As you can see, the /srv/nginx-handbook-projects/static-demo; directory has been set as the root of this site and nginx-in-action.farhan.info has been set as the server name. If you do not have a custom domain set up, you can use your server's IP address as the server name here.

Test the configuration by executing nginx -t and reload the configuration by executing nginx -s reload commands.

nginx -t

# nginx: the configuration file /etc/nginx/nginx.conf syntax is ok
# nginx: configuration file /etc/nginx/nginx.conf test is successful

nginx -s reload

Finally visit your server and you should be greeted with a simple static HTML page.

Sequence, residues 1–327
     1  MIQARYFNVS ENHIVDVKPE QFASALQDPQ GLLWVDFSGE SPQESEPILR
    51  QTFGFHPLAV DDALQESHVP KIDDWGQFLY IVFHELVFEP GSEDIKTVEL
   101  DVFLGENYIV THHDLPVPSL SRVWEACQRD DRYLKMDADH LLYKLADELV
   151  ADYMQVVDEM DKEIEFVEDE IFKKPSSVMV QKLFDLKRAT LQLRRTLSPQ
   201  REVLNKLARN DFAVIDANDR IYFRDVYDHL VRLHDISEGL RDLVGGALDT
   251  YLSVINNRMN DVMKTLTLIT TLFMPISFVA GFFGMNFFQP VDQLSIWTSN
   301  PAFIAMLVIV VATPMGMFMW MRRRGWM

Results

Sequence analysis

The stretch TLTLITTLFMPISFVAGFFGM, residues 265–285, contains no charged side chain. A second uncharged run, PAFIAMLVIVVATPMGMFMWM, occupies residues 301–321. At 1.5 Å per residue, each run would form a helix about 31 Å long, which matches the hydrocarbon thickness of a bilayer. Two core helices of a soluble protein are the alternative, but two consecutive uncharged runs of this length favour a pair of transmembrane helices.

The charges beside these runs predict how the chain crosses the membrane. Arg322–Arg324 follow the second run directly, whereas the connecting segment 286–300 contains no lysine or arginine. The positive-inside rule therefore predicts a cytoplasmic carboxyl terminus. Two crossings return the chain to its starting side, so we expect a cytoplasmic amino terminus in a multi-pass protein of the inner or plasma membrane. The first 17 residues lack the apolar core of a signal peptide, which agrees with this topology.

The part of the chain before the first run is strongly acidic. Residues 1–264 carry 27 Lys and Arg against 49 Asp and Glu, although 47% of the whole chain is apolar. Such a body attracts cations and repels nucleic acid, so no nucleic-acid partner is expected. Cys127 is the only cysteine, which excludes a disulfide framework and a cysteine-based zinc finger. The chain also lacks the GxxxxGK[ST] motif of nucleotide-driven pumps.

static-demo

If everything has gone fine till now then you're ready to install a new SSL certificate on your server.

SSL Certification With Let's Encrypt and Certbot

In short, an SSL certificate is what allows a server to make the move from HTTP to HTTPS. These certificates are issued by a certificate authority (CA). Most of the authorities charge a fee for issuing certificates but nonprofit authorities such as Let's Encrypt, issues certificates for free.

If you want to understand the theory of SSL in a bit more detail, this article on the Cloudflare Learning Center may help.

Installing Certbot

Thanks to open-source tools like Certbot, installing a free certificate is dead easy. Head over to certbot.eff.org link. Now select the software and system that powers your server.

Software and System

I'm running NGINX on Ubuntu 20.04 and if you've been in line with this tutorial, you should have the same combination.

After selecting your combination of software and system, you'll be forwarded to a new page containing step by step instructions for installing certbot and a new SSL certificate.